Like many of the best werewolf stories Der Samurai mixes horror, mythology and sexuality together to create a violent and primal insight into the human psyche and its perceived Other. But don’t let me deceive you, this is not a traditional werewolf narrative but rather a dream-like horror film which is heavily steeped in folklore with its grandmothers, wolves and themes of innocence and transformation. Its title is misleading but there is just enough bloody violence for it to appeal to those who want to see beheadings and gore, its primary draw though is its creative and impressively realised spin on the werewolf legend.
The film follows a young policeman who’s beat covers the small East German town which he grew up in. It’s the kind of place where little happens of note, where everybody knows everybody else and your secrets don’t really stay secret for long. Our hero’s primary concern at the beginning of the film is the presence of a wolf that’s living in the woods on the outskirts of town, but the wolf is not the only thing the cop will find when he starts digging into the wood’s depths. Out there exists a cross-dressing man who, with his blond hair, his pristine white dress and the katana which he wields, appears out of the darkness like a Freudian fever dream version of The Bride from Kill Bill. Now if this all sounds a little bizarre in the cold light of day, that’s because it is. But when you’re in the film’s heady grasp it convincingly and creatively blurs the worlds of symbolism and reality in front of your eyes.
Now I don’t want to say any more about the film’s plot as this is far better experienced when you have no idea where the film is going to take you. It’s rare to have such faith in a film, particularly an indie one, but from the moment the impressive visuals hit the screen and the plot began to sketch itself out I was happy to completely relax into the hands of the director and just see where the film took me. This is all particularly impressive given that I understand the film is ‘simply’ a master thesis project. If that is true then I have to take my hat off to writer/director Till Kleinert because you would never know that the production was a thesis project nor that it was a grassroots crowdfunded horror either. It’s not a perfect film, but it is a very well produced, thought out and entertaining one which is miles better than most of its contemporaries.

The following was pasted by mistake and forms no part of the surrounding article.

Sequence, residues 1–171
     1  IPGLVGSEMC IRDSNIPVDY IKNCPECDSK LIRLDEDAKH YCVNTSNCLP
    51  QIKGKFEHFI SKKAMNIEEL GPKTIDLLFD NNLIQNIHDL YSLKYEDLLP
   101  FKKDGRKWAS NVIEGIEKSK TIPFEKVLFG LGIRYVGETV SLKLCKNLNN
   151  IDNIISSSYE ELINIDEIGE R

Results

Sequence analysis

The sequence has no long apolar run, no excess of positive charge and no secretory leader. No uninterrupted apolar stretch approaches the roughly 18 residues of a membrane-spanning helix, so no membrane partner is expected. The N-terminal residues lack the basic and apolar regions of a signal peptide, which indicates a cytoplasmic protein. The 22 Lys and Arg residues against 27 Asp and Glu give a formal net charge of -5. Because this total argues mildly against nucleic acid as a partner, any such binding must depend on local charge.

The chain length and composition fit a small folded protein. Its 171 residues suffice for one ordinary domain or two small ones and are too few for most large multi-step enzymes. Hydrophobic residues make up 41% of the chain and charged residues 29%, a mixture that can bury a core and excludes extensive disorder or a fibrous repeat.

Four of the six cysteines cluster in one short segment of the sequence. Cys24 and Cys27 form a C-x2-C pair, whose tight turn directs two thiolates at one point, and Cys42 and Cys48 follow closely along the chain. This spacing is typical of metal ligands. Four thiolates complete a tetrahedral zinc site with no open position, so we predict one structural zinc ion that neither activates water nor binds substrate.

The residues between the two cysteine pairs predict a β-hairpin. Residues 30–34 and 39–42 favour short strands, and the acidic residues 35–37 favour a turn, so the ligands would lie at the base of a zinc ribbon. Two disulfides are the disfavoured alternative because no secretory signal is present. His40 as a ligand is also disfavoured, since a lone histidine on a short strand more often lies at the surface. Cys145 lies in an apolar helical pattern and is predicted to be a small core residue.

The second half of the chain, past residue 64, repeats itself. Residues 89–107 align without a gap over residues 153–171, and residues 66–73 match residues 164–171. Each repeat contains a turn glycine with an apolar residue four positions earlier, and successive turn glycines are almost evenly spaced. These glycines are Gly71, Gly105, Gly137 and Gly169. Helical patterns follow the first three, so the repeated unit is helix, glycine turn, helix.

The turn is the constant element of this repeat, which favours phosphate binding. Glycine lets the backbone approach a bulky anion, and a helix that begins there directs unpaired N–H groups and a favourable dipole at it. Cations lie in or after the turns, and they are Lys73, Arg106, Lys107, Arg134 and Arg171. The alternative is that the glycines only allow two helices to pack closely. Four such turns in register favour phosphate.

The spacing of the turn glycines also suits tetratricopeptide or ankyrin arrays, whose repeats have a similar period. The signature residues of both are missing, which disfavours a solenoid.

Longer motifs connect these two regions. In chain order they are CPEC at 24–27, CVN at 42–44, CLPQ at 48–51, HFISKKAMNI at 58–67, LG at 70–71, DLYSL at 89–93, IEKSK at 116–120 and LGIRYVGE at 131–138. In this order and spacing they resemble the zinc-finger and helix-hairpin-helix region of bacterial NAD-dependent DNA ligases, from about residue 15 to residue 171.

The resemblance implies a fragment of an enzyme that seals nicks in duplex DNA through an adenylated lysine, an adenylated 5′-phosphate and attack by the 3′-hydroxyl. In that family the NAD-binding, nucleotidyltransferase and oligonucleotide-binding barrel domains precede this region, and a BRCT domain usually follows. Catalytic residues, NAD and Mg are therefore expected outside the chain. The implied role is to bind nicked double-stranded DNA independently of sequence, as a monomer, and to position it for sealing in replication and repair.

One of the most fun things about Der Samurai is the way it cohesively blends its different elements together. At times it is a slasher flick, at others it is a meditative horror that gets under your skin rather than using jump scares and occasionally it’s even a somewhat Lynchian take on human repression. Creative story telling devices are nicely mixed into more conventional narrative and all of the different threads are pulled neatly together into a slick final package. Der Samurai is both whimsical and serious, savagely entertaining and intellectually sound and it’s one of the must see indie horror films this year.
What is the film’s greatest strength? It’s a tie between Kleinert’s direction and Hanslmayr’s cinematography.
Its greatest weakness? It’s a funny weakness to put but I am going to say it’s the title. I think it’s too misleading and could harm the film’s chances a little.
Would I see it again? Certainly, I really want to revisit this one sometime soon.
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